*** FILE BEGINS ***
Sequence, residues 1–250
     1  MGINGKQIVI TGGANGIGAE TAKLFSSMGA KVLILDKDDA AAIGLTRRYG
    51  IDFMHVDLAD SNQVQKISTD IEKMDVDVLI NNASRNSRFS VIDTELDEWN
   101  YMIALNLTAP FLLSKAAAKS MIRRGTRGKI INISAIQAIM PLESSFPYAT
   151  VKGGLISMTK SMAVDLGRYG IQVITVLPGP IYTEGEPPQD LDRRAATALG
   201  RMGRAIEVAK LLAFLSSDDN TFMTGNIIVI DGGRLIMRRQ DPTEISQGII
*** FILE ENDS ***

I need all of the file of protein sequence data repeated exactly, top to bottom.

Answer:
Sequence, residues 1–250
     1  MGINGKQIVI TGGANGIGAE TAKLFSSMGA KVLILDKDDA AAIGLTRRYG
    51  IDFMHVDLAD SNQVQKISTD IEKMDVDVLI NNASRNSRFS VIDTELDEWN
   101  YMIALNLTAP FLLSKAAAKS MIRRGTRGKI INISAIQAIM PLESSFPYAT
   151  VKGGLISMTK SMAVDLGRYG IQVITVLPGP IYTEGEPPQD LDRRAATALG
   201  RMGRAIEVAK LLAFLSSDDN TFMTGNIIVI DGGRLIMRRQ DPTEISQGII